People tend to interchange the words connote and denote since they rhyme and refer to meanings. However, these two terms have different definitions. This post will help you distinguish between the two.
The word denote is used as a verb which means “to be a mark or sign of,” “to indicate,” or “to mean.”
AAP: New Laws Do Not Denote Marijuana Use as Benign
Monthly Prescribing Reference
Immigration Reform News 2017: DHS Memos Denote Tougher Immigration and Border Policies, Order the Wall Built
New historic marker denotes old ‘Manassas Village Colored School’
On the other hand, the word connote is used as a verb meaning “to imply or suggest an idea or feeling in addition to the literal or primary meaning.”
“Does it connote a softening in the hard but appropriate approach he had adopted towards Pakistan after the Uri attack in September last year?”
‘Helmets connote protection and anonymity’
The Express Tribune
“The change is intended to connote the variety’s sweet taste, creamy texture and Mexican roots, and to make it more accessible to shoppers.”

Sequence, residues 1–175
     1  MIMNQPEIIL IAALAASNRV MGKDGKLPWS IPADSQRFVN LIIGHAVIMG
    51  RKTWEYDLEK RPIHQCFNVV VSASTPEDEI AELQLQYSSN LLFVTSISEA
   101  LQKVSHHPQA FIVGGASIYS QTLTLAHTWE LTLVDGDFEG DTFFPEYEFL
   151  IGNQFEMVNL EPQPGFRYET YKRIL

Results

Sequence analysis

It would be helpful to remember that if you are referring to the literal meaning of a word, you should use the term denote but if you are referring to an implied meaning of a word, you should opt for connote. Take for example the sentences below:
- His shirt is green.
- He is still green as a team captain.
While the first sentence denotes that his shirt is green in color, the term green in the second sentence connotes that he is still inexperienced as a team captain. Hopefully, this post has helped you understand how to use the words connote and denote properly.